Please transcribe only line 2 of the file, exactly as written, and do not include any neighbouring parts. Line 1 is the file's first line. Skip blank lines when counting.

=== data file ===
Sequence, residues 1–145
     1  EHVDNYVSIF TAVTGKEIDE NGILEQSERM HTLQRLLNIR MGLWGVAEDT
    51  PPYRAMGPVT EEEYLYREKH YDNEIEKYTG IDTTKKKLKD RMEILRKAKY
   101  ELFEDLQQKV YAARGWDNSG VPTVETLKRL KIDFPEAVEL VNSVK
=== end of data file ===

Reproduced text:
     1  EHVDNYVSIF TAVTGKEIDE NGILEQSERM HTLQRLLNIR MGLWGVAEDT